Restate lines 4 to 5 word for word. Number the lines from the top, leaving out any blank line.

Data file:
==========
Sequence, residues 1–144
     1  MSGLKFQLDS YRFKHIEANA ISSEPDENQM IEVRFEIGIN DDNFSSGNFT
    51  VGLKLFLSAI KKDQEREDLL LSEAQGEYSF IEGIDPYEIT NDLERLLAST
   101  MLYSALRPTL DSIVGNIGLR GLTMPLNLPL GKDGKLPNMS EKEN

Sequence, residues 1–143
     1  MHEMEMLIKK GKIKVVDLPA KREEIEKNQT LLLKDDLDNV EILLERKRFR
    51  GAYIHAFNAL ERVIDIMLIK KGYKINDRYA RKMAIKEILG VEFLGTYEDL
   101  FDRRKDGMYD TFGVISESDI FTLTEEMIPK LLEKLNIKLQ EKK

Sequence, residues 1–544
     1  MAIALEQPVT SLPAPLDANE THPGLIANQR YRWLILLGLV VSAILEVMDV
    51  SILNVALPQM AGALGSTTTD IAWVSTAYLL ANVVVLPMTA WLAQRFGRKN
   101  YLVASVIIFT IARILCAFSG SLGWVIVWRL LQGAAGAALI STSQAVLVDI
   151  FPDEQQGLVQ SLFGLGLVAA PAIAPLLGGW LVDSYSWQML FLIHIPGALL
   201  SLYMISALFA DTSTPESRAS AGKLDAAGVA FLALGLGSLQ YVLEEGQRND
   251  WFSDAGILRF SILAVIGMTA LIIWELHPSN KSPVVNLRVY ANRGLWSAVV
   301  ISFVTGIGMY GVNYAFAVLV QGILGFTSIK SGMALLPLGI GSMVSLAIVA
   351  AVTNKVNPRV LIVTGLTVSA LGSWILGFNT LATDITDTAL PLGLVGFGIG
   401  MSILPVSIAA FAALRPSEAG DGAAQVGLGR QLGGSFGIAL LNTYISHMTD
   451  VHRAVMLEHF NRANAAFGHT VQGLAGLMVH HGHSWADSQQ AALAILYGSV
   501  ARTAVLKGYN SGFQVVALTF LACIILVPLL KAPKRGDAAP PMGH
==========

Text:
   101  MLYSALRPTL DSIVGNIGLR GLTMPLNLPL GKDGKLPNMS EKEN

Sequence, residues 1–143